Based on research by Susan Turk Charles Reynolds, C. A. and Gatz, M. (2001) written by the American Psychological Association, adapted by Juanita N. Baker, Ph.D.
Want to be reassured about how older adults feel a healthy degree of emotional fitness?
Dr. Susan Charles and colleagues found most people’s positive outlook extends into old age. A longitudinal study from 1971 to 1994 of 2500 people in four generations of families, asked participants “positive affect” (mood) questions, like, “During the past few weeks, did you ever feel excited or interested in something?” and “negative affect” questions, like “…did you feel so restless that you couldn’t sit still long?”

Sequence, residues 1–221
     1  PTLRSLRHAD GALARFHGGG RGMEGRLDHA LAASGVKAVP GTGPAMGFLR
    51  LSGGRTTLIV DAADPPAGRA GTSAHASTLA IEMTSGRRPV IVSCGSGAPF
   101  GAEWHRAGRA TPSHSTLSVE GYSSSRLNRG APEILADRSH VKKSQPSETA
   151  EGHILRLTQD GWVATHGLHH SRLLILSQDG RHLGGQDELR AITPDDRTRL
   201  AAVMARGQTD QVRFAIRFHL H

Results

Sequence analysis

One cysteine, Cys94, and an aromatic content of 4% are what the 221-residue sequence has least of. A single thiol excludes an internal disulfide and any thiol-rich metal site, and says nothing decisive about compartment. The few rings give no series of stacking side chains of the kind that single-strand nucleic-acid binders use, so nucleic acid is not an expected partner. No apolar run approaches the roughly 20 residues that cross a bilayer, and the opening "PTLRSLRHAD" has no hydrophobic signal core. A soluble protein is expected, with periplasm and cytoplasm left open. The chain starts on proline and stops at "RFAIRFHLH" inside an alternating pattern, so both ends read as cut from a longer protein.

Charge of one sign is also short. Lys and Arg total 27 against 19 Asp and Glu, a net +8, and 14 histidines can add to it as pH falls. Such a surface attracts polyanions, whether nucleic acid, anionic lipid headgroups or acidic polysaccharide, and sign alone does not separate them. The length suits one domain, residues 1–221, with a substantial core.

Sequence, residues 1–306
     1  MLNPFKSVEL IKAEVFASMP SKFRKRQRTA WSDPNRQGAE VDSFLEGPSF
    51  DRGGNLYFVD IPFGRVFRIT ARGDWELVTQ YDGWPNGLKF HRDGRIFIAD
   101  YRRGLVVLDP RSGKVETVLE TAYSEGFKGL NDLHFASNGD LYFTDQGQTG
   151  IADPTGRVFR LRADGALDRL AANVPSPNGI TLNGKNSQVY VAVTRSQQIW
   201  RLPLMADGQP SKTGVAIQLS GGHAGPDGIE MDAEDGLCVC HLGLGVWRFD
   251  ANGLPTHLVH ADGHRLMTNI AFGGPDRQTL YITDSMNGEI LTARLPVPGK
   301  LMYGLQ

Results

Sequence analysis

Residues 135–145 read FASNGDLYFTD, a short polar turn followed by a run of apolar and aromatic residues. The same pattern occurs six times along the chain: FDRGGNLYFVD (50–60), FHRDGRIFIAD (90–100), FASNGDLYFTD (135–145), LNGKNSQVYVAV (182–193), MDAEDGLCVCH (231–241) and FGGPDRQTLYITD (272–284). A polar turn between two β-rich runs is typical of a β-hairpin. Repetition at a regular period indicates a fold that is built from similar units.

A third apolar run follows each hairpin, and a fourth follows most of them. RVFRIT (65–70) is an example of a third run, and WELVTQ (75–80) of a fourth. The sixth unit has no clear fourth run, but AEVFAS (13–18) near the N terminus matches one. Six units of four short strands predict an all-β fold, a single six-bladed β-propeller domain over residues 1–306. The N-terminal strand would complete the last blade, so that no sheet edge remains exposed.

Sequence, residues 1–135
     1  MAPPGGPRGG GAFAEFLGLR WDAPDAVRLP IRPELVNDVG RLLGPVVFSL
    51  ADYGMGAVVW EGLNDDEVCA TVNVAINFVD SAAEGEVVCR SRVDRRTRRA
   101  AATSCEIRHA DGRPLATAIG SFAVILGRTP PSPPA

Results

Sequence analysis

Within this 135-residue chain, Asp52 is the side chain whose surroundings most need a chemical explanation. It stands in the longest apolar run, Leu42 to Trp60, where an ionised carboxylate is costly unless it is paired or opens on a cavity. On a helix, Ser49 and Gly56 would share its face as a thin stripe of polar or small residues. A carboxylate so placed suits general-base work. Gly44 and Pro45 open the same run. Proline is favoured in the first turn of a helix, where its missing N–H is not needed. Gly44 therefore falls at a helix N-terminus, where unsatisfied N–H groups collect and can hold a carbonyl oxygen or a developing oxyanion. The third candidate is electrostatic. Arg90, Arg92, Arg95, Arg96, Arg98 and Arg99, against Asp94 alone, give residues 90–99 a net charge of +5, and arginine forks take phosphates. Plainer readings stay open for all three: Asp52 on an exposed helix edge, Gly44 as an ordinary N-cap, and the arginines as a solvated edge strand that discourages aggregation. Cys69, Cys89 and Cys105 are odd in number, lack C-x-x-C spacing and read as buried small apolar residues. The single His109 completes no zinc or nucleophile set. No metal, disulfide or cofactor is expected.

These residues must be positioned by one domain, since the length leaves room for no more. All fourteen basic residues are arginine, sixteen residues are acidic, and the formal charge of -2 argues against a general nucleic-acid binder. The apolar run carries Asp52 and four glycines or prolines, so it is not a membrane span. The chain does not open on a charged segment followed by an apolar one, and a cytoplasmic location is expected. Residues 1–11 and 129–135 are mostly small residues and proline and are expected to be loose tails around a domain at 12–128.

Results showed for all generations, negative affect decreased with age. As people got older, they got less negative. Positive affect stayed stable across time, with a small decrease for the oldest in the study. However, more outgoing older participants were less likely to drop in positive affect.
The research supports the “socio-emotional selectivity” theory, as people get older and become more aware of their limited time left in life, they direct their attention to more positive thoughts, activities and memories. The authors wrote, “With age, people place increasingly more value on meaningful goals, thus invest more resources in obtaining them.”
Think of yourself as ageless instead of aging! Initiate plans, live fully .
Charles, S. T., Reynolds, C. A. & Gatz, M. (2001). Age-Related Differences and Change in Positive and Negative Affect Over 23 Years. Journal of Personality and Social Psychology, 80(1).
For more details see:
American Psychological Association, November 28, 2005